Hurdy Gurdy Man – A Music Sketch – June 19, 2014

That evening I reached Rome later than usual.   I got off the train then looked for some place to sit down to wait for my son to come pick me up. I knew I’d have to wait for about an hour since he’d phoned me to say he’d got caught up in the traffic due to an accident.

I saw the family after I’d found a table in a café near the platform. Their belongings were neatly stacked up near one of the marble dividers so common in Italian train stations.  The woman and her baby were asleep in a sleeping bag laid out on an open cardboard box, the man squatted nearby looking over them. The first thought that came to mind was that maybe they lived there at night.  There were a quite a few of these little “homesteads” throughout the stations of Italy.  By their dress one could tell that they weren’t Italians.

Peopled hurried past, either pretending not to see them or maybe as this had become such a familiar sight, really not seeing them.  However, with other’s there was an air of rejection and unease that seemed to wave out from them, almost as though it were an odor.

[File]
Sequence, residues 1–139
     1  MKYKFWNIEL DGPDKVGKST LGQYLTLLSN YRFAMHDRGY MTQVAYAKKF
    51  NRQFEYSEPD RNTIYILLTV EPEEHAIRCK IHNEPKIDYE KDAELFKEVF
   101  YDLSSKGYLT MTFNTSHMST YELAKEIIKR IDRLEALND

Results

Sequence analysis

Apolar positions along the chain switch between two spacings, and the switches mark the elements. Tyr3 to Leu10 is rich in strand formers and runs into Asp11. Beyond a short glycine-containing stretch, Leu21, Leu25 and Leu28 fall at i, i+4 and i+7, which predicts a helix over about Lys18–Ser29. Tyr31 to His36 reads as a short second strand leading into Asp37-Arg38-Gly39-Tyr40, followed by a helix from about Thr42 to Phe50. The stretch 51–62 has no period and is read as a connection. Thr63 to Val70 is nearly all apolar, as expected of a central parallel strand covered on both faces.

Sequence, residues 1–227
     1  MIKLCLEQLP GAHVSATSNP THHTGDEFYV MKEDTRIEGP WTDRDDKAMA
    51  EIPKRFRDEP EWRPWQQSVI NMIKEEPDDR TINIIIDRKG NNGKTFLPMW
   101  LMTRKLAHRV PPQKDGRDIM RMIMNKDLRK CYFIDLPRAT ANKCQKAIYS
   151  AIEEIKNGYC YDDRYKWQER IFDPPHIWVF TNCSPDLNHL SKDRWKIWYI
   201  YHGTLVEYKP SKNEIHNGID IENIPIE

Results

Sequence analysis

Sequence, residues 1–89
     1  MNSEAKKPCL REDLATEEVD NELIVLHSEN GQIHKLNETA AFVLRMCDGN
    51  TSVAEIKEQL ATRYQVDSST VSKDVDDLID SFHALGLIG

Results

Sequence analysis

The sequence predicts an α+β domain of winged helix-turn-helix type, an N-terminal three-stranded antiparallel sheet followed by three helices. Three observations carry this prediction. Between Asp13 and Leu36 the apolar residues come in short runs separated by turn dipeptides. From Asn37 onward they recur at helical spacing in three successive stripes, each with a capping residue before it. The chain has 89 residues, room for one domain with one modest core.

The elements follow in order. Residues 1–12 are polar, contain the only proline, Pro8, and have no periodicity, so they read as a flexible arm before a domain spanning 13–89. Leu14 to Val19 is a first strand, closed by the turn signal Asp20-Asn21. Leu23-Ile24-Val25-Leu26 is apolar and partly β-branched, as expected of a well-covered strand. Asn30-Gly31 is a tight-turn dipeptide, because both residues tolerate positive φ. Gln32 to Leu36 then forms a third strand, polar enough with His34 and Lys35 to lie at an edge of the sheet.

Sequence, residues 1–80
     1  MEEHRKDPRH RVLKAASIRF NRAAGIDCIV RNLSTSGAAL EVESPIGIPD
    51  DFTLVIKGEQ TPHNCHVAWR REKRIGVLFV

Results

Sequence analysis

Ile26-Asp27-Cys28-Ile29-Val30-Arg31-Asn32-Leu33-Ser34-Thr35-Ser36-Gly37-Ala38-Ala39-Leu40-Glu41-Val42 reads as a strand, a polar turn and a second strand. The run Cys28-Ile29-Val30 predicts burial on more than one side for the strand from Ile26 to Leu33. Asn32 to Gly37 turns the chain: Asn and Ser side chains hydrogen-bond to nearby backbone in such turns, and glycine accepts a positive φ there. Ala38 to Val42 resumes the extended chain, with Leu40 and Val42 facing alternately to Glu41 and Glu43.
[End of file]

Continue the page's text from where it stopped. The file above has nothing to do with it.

A stylish lady in a fur coat with a yappy dog on a leash, shivering picked her dog up and made a special  effort to give them a wide berth as she went by.  A middle-aged couple who obviously were doing quite well in life put their hand before their mouth and whispered to one another: “How shameful!”  Some other people turned their noses up and a couple of kids giggled.

Two Carabinieri stopped near the man and asked for their papers.  He pulled them out, presenting his train ticket too, without hesitation.  The police went on their way.

About 10 minutes later, a train pulled up to the platform, destination Cassino.  The man nudged his wife. They began to put their belongings on the train just as my son came up waving to me with a huge smile.

“Ciao Ma … how was your trip.”


It’s been a while since I’ve written one of these sketches.  I can’t really say why listening to this song by Donovan brought this story to mind. It’s based on many bits and pieces of memories, but no single memory in particular, like a collage it just fell together to make a story.